So what Smudge Brush did I use on this image. One that came with Kyle’s Watercolor brushes called Kyle’s Real Watercolor Soft Edger 2 set to 20% Strength. This brush was used to paint over the bush to soften the hard lines that looked unnatural. I also used a scattered Smudge Brush on the tree to add a little variation in the branches. On the mountain, Aaron’s twig brush was used to smooth it over a little and add some tone variation. As you can, the Smudge Tool is a pretty handy brush to have around. It seems that not just one will always do the trick. You can use a lot of the Photoshop brushes as Smudge brushes, so experiment and see what you get. To finish up this photo, Topaz ReStyle was applied and it just slightly popped the color. (The settings used were:  Selected Peach Puff – ReStyle section set to Overlay. In Basic Section Tone Black Level 0.34, Midtones -0.19, and White Level 0.16; and Detail Structure -0.58 and Sharpness 0.48.)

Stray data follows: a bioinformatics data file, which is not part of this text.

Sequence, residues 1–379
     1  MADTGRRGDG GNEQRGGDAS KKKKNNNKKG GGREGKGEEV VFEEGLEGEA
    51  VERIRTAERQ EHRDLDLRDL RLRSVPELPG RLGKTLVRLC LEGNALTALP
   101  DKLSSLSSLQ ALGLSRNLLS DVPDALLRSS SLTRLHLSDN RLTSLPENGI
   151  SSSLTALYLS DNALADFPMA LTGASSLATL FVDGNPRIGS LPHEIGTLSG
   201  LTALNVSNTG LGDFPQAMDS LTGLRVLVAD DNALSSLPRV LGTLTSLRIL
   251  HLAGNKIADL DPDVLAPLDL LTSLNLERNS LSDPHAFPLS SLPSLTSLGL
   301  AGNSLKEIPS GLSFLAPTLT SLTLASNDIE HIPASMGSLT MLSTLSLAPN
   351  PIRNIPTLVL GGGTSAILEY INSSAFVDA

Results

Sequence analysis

I thought this was a good time to present this technique since it is somewhat similar to the one using the Mixer Brush recently. (See How to Create a Color Palette for the Mixer Brush.) I am always looking for ways to get a unique or natural feel to my images. I am still learning how to do this more graphic expression with my art, but it is a lot of fun trying out all the different ways the experts do this. Hope you get a chance to try this – use those Frostbo brushes and try this technique out. I think you will really like it!…..Digital Lady Syd


One response

  1. Pingback: A PAINTED NATURE SCENE IN PHOTOSHOP (WITHOUT THE MIXER) | Digital Lady Syd's Fun Photoshop Blog